“For years, prosecutors said they couldn’t find the informant records or they didn’t exist,” said Garcia. “Then they come back and dismiss the most serious charges instead of producing the records. What are they hiding?”
There are court records showing the four informants in the Govey case are involved in multiple other prosecutions, where the evidence also should be disclosed to defense attorneys, Garcia noted.
“If the other cases are given this information, it can open a can of worms, they don’t want to open,” said Garcia, referring to the possibility that the dispute over these disclosures could produce new evidentiary hearings like the one in Dekraai.
In June, Dekraai pleaded guilty to eight counts of murder for shooting his wife and seven others in 2011 in a Seal Beach beauty salon in Orange County’s largest mass killing. He has long agreed to plead to life without possibility of parole.
Dekraai’s lead public defender, Scott Sanders, says he will continue his fight to save his client from the death penalty by filing a court motion to try to reopen the evidentiary hearing in his trial — seeking a host of records about prosecutors’ use of informants, including some Garcia sought in the Govey case.
And Garcia says she is continuing to pursue the informant records, with the next hearing set for Oct. 31.
Garcia notes the Govey case and others show that prosecutors are letting acknowledged or accused killers out of jail, while defendants facing lesser charges remain incarcerated with high bail for years.
“That is really disturbing to me,” she said.
Govey’s bail has been $1 million, records say, but a reduction and release is expected to be sought.
The Govey attempted murderer prosecution arose when he was indicted in 2012 with allegedly trying to solicit someone in 2011 to murder an informant associated with his counterfeit charge. The case was based on informants’ testimony, attorneys say. Govey had pleaded not guilty to the charge, disputing the informants.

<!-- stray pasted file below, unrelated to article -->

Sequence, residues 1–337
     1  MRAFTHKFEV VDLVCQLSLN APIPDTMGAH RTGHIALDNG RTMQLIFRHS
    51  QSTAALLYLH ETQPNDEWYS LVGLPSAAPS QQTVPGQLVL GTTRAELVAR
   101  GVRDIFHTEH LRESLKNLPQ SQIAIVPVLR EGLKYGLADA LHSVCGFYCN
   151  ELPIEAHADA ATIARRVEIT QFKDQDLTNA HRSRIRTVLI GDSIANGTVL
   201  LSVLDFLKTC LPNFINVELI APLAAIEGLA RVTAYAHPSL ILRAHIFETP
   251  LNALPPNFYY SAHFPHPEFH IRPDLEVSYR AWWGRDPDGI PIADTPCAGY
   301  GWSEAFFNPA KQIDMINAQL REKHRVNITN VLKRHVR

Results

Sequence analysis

Prosecutors have alleged that Govey was a member of the local Aryan Brotherhood band — known as Public Enemy Number 1 — but Garcia denies her client is; because the Aryan Brotherhood has at least three times attempted to have him killed.
Twice in California prisons Govey has been stabbed, Garcia said, and he was shot at once when he was free. Govey is on a “permanent kill list” because of some prison political dispute years ago with the Aryan Brotherhood, Garcia said.
As an example of Orange County prosecutors’ irregular tactics, Garcia said, one of the inmates who attempted to kill Govey years ago was just released from Orange County jail after serving as an informant in numerous other cases.
That former inmate, Jason Lee Fenstermacher, a member of the Aryan Brotherhood, was unsuccessful when he couldn’t jab a plastic utensil into Govey’s head, Garcia said, citing a 2012 court record where Fenstermacher acknowledged the attack.
After about three years in Orange County jail, Fenstermacher was released on Aug. 1, court records say. Fenstermacher could not be reached for comment, and his former attorney, Glenn K. Osajima, declined comment.
Rex Dalton is a San Diego-based journalist who has worked for the San Diego Union-Tribune and the journal Nature. You can reach him directly at email@example.com.